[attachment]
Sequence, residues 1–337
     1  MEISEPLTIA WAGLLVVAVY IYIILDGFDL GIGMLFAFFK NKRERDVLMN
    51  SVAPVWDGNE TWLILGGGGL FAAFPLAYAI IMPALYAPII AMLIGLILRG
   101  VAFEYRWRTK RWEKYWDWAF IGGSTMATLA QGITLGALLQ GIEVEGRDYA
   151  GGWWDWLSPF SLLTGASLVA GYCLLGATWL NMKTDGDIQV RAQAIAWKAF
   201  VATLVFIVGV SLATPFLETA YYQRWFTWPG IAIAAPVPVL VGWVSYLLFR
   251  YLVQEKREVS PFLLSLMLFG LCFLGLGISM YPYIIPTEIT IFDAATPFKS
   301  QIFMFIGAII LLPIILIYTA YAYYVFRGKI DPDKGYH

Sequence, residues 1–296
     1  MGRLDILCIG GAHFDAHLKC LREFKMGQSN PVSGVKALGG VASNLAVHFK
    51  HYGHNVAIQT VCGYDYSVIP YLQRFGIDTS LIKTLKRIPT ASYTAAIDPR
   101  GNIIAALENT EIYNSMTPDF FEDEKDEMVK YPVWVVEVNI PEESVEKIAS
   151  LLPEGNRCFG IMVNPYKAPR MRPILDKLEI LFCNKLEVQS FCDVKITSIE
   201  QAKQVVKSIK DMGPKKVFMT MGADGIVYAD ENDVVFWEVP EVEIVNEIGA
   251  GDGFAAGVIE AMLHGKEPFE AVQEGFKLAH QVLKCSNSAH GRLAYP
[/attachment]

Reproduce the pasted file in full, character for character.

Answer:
Sequence, residues 1–337
     1  MEISEPLTIA WAGLLVVAVY IYIILDGFDL GIGMLFAFFK NKRERDVLMN
    51  SVAPVWDGNE TWLILGGGGL FAAFPLAYAI IMPALYAPII AMLIGLILRG
   101  VAFEYRWRTK RWEKYWDWAF IGGSTMATLA QGITLGALLQ GIEVEGRDYA
   151  GGWWDWLSPF SLLTGASLVA GYCLLGATWL NMKTDGDIQV RAQAIAWKAF
   201  VATLVFIVGV SLATPFLETA YYQRWFTWPG IAIAAPVPVL VGWVSYLLFR
   251  YLVQEKREVS PFLLSLMLFG LCFLGLGISM YPYIIPTEIT IFDAATPFKS
   301  QIFMFIGAII LLPIILIYTA YAYYVFRGKI DPDKGYH

Sequence, residues 1–296
     1  MGRLDILCIG GAHFDAHLKC LREFKMGQSN PVSGVKALGG VASNLAVHFK
    51  HYGHNVAIQT VCGYDYSVIP YLQRFGIDTS LIKTLKRIPT ASYTAAIDPR
   101  GNIIAALENT EIYNSMTPDF FEDEKDEMVK YPVWVVEVNI PEESVEKIAS
   151  LLPEGNRCFG IMVNPYKAPR MRPILDKLEI LFCNKLEVQS FCDVKITSIE
   201  QAKQVVKSIK DMGPKKVFMT MGADGIVYAD ENDVVFWEVP EVEIVNEIGA
   251  GDGFAAGVIE AMLHGKEPFE AVQEGFKLAH QVLKCSNSAH GRLAYP